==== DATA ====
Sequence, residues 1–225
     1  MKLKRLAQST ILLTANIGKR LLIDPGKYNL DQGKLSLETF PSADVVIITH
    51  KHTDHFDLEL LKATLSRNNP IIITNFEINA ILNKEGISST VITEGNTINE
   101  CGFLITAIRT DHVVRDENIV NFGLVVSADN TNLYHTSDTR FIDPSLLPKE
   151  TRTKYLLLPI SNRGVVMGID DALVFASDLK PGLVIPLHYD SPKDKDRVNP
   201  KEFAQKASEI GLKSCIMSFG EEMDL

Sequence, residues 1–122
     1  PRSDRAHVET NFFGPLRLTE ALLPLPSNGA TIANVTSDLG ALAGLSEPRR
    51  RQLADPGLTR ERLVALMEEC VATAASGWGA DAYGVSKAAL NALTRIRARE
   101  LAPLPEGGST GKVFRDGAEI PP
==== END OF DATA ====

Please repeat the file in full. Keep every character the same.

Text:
Sequence, residues 1–225
     1  MKLKRLAQST ILLTANIGKR LLIDPGKYNL DQGKLSLETF PSADVVIITH
    51  KHTDHFDLEL LKATLSRNNP IIITNFEINA ILNKEGISST VITEGNTINE
   101  CGFLITAIRT DHVVRDENIV NFGLVVSADN TNLYHTSDTR FIDPSLLPKE
   151  TRTKYLLLPI SNRGVVMGID DALVFASDLK PGLVIPLHYD SPKDKDRVNP
   201  KEFAQKASEI GLKSCIMSFG EEMDL

Sequence, residues 1–122
     1  PRSDRAHVET NFFGPLRLTE ALLPLPSNGA TIANVTSDLG ALAGLSEPRR
    51  RQLADPGLTR ERLVALMEEC VATAASGWGA DAYGVSKAAL NALTRIRARE
   101  LAPLPEGGST GKVFRDGAEI PP